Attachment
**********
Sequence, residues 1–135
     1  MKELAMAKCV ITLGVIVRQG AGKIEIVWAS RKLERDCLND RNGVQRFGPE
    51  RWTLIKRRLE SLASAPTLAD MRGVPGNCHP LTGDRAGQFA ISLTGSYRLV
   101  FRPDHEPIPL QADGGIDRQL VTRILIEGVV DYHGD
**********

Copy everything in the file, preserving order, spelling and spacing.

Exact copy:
Sequence, residues 1–135
     1  MKELAMAKCV ITLGVIVRQG AGKIEIVWAS RKLERDCLND RNGVQRFGPE
    51  RWTLIKRRLE SLASAPTLAD MRGVPGNCHP LTGDRAGQFA ISLTGSYRLV
   101  FRPDHEPIPL QADGGIDRQL VTRILIEGVV DYHGD